Fabio Capello has turned England from a country obsessed by the WAGs culture into one of the most disciplined powers in world football, according to Carlos Alberto Parreira, coach of hosts South Africa.
Parreira, one of the most knowledgeable international coaches who led Brazil to World Cup glory in 1994, says Capello's regime has made England a stronger favourite next year than at any time in recent history.
Parreira has his work cut out to prevent South Africa becoming the first hosts to be eliminated in the group phase but England, he says, can be a surprise winner. "Capello has changed the philosophy," said Parreira. "England always had good players but now they have unity and focus. All this stuff about wives, girlfriends, partying – it's no good. When you go to a World Cup, it's like going to war. When you go to war, you don't take the wife. You go prepared to win a battle.
"There is more freedom these days with mobiles and things but you have to focus on your job. The performance of England in qualifying was excellent. There is a new mentality surrounding the team in terms of discipline and this will help a lot. I really think this could be England's best chance for a long time."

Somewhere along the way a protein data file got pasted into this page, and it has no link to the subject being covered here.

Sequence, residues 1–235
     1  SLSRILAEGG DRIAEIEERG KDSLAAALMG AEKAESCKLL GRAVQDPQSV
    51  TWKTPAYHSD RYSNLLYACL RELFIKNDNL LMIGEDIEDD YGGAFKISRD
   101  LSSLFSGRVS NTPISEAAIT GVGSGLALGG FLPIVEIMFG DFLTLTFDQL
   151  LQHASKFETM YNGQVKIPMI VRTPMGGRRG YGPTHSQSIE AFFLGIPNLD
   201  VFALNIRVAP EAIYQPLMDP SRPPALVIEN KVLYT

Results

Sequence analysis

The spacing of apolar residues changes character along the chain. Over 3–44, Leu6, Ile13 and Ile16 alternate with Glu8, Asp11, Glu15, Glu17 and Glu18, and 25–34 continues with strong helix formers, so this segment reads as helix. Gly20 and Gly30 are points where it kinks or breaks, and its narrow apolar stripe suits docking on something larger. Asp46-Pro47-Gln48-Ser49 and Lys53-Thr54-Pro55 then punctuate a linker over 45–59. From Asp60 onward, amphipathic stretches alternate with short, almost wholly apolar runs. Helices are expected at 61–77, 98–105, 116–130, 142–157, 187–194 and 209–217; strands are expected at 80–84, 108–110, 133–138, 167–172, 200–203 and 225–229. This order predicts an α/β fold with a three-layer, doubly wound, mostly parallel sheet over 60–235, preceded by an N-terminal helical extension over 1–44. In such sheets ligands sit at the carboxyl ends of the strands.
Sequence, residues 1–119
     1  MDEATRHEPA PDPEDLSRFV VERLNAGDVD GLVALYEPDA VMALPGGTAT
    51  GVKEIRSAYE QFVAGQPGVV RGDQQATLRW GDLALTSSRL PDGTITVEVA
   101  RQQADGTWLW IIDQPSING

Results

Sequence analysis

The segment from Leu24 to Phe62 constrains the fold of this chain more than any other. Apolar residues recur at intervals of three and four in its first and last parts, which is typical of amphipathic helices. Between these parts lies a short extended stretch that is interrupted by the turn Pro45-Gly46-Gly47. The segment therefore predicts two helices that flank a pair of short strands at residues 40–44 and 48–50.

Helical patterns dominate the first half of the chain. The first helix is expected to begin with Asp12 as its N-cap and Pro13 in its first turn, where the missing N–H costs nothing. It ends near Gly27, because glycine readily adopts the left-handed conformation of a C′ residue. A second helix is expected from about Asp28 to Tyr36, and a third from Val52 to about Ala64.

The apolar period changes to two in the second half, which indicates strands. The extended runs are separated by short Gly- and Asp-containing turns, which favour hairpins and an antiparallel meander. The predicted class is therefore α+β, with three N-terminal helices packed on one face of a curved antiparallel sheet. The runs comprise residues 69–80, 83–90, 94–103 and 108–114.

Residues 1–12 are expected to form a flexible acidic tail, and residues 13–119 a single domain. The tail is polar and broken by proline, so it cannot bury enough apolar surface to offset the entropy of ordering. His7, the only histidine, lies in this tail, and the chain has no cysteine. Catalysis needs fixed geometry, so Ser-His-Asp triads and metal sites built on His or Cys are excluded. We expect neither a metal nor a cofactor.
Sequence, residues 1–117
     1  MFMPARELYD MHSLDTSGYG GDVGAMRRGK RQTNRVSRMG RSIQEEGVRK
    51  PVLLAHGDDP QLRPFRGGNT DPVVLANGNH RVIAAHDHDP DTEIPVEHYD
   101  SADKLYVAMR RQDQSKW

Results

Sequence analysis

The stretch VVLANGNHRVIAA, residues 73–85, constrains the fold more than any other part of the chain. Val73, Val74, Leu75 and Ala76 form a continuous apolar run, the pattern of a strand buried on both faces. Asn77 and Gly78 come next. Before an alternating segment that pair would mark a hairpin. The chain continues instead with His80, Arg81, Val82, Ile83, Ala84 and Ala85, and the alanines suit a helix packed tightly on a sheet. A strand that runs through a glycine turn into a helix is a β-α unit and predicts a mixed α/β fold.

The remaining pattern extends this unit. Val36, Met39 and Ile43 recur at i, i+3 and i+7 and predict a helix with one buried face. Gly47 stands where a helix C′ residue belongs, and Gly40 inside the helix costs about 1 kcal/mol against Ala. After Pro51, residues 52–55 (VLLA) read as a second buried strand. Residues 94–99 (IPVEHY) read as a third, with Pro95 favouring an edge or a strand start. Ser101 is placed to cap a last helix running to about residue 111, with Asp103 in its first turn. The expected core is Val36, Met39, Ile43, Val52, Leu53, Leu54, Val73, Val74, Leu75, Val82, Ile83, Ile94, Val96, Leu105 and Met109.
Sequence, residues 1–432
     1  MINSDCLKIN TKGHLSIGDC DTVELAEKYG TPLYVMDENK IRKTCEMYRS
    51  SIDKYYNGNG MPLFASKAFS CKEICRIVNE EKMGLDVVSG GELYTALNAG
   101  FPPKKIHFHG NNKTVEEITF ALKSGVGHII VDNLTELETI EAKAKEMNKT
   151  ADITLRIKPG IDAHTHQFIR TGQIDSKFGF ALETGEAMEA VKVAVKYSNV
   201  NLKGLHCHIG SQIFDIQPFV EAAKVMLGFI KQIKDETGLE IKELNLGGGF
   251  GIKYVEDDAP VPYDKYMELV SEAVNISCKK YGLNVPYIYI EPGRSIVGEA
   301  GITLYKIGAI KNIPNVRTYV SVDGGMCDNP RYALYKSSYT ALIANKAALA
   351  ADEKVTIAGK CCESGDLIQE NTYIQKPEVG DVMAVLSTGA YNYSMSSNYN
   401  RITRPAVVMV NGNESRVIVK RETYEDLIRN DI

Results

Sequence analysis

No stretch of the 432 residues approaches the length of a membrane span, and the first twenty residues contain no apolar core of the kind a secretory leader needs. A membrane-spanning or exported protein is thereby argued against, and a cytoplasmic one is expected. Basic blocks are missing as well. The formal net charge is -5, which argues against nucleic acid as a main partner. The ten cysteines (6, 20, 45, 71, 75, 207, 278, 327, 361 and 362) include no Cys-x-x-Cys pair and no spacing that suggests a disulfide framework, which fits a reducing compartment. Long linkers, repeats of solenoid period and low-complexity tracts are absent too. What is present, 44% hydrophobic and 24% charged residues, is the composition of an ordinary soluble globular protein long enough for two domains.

Meanwhile, US captain Landon Donovan can't wait to lock horns with David Beckham – provided his LA Galaxy team-mate is in Capello's squad. Donovan and Beckham fell out spectacularly earlier this year when the American questioned Beckham's commitment following his extended loan move at Milan. Although they made up over the season – and helped the Galaxy reach the MLS final – Donovan would love nothing more than to put one over on England on 12 June.
"It took me about half a second to realise what this means," said Donovan. "I wish we could have got a shot of David's face directly but I'm sure he was thinking the same thing. To play against your own team-mate is actually pretty incredible."
Donovan believes the US are capable of dealing with whatever is thrown at them by Capello's side. "With England, they're just physical and they're big and they're used to playing the game at a very high pace," he said. "Are we as talented as England? Probably not. But we think on a given day that we have a chance to beat them."Reuse content